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Callis, John Benton

3 Jan. 1828–24 Sept. 1898

John B. Callis. Courtesy of Minnesota Historical Society.John Benton Callis, military leader and congressman, was born in Fayetteville. His parents moved to Tennessee when he was six years old and to Lancaster, Grant County, Wisc., six years later. Callis was schooled sporadically in the common schools in areas where he lived. He studied medicine for three years but abandoned the study before receiving a degree. He moved to Minnesota in 1849 and became one of the contractors building Fort Gaines (later known as Fort Riley).

In 1851, wanderlust took Callis to California, where he developed interests in mining and merchandising. In early 1853 he went to Central America, and six months later he returned to his former home, Lancaster, Wisc., spending seven years there in the mercantile business.

When the Civil War began in 1861, Callis joined the Wisconsin forces of the Union army as a lieutenant and soon became captain of the Seventh Regiment, Wisconsin Volunteer Infantry (the group often mentioned in historical records as the "Iron Brigade"). Two years later he was promoted to major in the same unit. Then, following a wound at the Battle of Gettysburg, he was honorably discharged on 29 Nov. 1863.

Hon. John B. Callis, Representative from Alabama. Courtesy of the NYPL Digital Gallery. The following year, President Lincoln appointed him military superintendent of the War Department, with headquarters in Washington, D.C., and there he served until December 1865. In the previous February he had been promoted to lieutenant colonel, and on 13 Mar. 1865 he was breveted colonel and brigadier general of the volunteers, being cited "for efficient and meritorious services." Subsequently, he was appointed captain in the Forty-fifth Regiment, U.S. Infantry. His military prowess at the Battle of Gettysburg resulted in his being again breveted as major, in 1867.

By 1865, Callis had settled in Huntsville, Ala., where he was named assistant commissioner of the Freedmen's Bureau. He held the post until 4 Feb. 1868, the same date he resigned his commission in the army.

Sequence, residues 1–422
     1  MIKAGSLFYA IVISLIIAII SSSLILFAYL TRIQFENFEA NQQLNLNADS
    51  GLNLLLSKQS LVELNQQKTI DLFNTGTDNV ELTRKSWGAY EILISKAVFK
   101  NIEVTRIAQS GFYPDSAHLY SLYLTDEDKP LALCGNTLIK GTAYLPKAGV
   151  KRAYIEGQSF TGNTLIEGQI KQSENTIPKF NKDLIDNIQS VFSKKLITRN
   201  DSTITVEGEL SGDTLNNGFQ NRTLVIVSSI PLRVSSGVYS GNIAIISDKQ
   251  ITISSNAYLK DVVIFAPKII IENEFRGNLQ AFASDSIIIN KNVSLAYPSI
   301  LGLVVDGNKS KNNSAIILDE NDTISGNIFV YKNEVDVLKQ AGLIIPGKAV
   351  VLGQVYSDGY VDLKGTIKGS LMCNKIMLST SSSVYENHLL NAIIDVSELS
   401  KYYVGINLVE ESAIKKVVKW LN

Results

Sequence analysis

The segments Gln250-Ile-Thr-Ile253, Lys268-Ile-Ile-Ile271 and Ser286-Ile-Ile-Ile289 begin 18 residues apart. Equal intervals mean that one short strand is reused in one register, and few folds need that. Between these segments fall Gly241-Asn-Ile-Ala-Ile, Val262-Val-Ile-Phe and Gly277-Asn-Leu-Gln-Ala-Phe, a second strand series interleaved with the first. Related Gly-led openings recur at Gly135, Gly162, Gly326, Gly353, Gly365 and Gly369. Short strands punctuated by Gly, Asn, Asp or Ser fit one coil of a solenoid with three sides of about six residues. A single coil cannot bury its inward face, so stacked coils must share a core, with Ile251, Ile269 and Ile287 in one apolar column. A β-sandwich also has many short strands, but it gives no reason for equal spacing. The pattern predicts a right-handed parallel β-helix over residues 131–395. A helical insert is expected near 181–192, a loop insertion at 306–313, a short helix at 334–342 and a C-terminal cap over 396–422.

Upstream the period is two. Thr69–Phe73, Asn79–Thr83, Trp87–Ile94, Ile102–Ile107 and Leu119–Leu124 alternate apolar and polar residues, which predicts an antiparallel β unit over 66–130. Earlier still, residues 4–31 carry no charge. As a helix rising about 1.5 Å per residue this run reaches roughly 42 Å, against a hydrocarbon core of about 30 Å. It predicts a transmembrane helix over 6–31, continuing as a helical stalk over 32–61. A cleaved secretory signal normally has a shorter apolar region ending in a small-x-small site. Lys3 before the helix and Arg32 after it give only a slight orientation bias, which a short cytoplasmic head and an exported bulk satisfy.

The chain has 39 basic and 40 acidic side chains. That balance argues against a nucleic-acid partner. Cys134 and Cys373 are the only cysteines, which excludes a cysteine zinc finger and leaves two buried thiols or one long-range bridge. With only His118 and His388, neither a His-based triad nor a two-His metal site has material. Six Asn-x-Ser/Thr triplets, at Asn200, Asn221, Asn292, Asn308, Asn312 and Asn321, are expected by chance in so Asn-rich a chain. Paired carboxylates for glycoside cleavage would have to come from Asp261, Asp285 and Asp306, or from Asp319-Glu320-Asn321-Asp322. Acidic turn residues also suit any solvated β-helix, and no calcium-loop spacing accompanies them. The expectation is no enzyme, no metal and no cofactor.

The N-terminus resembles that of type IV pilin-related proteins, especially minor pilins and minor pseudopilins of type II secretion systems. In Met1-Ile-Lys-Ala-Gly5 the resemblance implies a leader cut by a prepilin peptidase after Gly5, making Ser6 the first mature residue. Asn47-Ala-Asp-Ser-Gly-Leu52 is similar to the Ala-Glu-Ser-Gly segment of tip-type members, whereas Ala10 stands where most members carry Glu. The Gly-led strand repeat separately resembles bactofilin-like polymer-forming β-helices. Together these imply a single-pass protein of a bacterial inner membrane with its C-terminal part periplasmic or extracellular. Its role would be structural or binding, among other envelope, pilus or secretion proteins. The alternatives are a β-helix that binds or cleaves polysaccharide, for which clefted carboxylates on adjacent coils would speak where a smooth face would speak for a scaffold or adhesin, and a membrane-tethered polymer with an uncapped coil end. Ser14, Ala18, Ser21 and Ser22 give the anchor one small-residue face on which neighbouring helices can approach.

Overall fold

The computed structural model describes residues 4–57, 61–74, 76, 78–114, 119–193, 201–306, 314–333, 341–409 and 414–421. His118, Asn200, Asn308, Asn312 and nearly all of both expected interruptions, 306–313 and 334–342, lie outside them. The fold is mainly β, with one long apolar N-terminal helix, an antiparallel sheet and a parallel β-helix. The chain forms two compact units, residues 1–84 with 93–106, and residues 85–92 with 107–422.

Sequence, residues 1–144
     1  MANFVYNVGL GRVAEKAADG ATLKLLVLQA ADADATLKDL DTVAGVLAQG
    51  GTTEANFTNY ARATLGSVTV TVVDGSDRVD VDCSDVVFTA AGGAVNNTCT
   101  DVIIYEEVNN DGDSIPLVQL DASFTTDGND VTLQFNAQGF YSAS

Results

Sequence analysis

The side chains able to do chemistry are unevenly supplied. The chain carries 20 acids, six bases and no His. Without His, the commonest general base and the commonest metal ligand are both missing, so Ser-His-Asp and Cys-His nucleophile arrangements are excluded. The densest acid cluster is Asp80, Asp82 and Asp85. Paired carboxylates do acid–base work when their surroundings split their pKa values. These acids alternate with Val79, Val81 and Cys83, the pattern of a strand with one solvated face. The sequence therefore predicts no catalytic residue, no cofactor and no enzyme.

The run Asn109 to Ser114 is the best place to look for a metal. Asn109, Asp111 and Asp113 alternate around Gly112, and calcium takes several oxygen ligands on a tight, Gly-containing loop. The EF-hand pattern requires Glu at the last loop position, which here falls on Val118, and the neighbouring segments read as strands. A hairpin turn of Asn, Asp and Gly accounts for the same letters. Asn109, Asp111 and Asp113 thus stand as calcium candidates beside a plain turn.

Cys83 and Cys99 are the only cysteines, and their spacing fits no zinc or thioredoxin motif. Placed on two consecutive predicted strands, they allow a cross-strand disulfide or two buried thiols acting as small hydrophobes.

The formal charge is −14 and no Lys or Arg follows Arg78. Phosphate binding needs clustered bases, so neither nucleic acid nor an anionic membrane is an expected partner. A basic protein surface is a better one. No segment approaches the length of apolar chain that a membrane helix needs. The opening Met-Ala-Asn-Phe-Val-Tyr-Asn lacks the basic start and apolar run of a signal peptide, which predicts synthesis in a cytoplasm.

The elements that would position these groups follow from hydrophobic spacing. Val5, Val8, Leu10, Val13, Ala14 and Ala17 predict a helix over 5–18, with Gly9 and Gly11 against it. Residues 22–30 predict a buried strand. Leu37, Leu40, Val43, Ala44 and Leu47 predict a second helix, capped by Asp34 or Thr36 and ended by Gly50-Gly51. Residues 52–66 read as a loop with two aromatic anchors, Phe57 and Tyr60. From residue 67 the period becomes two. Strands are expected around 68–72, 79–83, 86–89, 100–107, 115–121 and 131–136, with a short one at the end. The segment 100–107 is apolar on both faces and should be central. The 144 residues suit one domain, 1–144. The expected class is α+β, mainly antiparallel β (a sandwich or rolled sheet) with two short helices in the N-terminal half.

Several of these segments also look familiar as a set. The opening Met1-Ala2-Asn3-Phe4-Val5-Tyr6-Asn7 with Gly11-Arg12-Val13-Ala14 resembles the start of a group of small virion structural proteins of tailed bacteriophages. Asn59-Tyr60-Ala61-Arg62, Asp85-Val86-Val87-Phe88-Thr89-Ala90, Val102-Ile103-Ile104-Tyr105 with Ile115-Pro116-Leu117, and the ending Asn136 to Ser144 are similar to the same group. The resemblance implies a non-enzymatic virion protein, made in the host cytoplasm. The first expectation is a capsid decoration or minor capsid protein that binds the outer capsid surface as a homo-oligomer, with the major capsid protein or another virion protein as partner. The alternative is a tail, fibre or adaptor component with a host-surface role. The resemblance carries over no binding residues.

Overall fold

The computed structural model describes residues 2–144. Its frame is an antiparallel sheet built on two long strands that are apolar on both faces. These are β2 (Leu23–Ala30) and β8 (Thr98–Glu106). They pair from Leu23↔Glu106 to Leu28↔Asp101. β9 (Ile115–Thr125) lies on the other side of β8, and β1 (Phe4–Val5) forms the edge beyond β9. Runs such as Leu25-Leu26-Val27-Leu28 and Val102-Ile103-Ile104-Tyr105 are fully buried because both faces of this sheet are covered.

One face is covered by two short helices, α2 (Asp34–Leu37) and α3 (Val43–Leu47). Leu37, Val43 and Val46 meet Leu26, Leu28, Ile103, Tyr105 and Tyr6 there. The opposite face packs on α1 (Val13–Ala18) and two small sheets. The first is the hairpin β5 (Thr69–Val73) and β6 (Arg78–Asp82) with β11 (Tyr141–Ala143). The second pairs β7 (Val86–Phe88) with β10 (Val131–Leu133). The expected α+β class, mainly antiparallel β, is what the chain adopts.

After Alabama's readmission to the Union, Callis was a successful Republican candidate for the U.S. House of Representatives from the Fifth Alabama District. He served in the Fortieth Congress for less than a year (21 July 1868 to 3 Mar. 1869) and was not a candidate for reelection. During his short stay in Congress he was very vocal and exerted considerable leadership; he was the author of a resolution that served as a basis for the famous Ku Klux Klan Bill in the Forty-first Congress.

In mid-1869, Callis moved his family from Huntsville, Ala., to resettle in Lancaster, Wisc. He established a prosperous real estate business, to which he devoted his energies for the rest of his life.

In 1874, Callis made one further venture into public life, when he was elected to the Wisconsin General Assembly; he served for one year. He died in Lancaster and was buried in the Hillside Cemetery there.

References:

Biog. Dir. Am. Cong. (1971).

Nat. Cyc. Am. Biog., vol. 13 (1906).

Additional Resources:

"Callis, John Benton, (1828 - 1898)." Biographical Directory of the United States Congress. Washington, D.C.: The Congress. http://bioguide.congress.gov/scripts/biodisplay.pl?index=C000057 (accessed April 12, 2013).

Image Credits:

John B. Callis. ID Number: por 19332 r1. Courtesy of Minnesota Historical Society. Available from http://collections.mnhs.org/cms/largerimage.php?irn=10141174&catirn=10774824 (accessed April 12, 2013).

Hon. John B. Callis, Representative from Alabama. Courtesy of the NYPL Digital Gallery. Available from http://digitalgallery.nypl.org/nypldigital/dgkeysearchdetail.cfm?trg=1&strucID=463561&imageID=1167120&total=1&num=0&parent_id=463560&s=&notword=&d=&c=&f=&k=1&sScope=&sLevel=&sLabel=&lword=&lfield=&sort=&imgs=20&pos=1&snum=&e=w (accessed April 12, 2013).

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This article is from the Dictionary of North Carolina Biography, 6 volumes, edited by William S. Powell. Copyright ©1979-1996 by the University of North Carolina Press. Used by permission of the publisher. For personal use and not for further distribution. Please submit permission requests for other use directly to the publisher.

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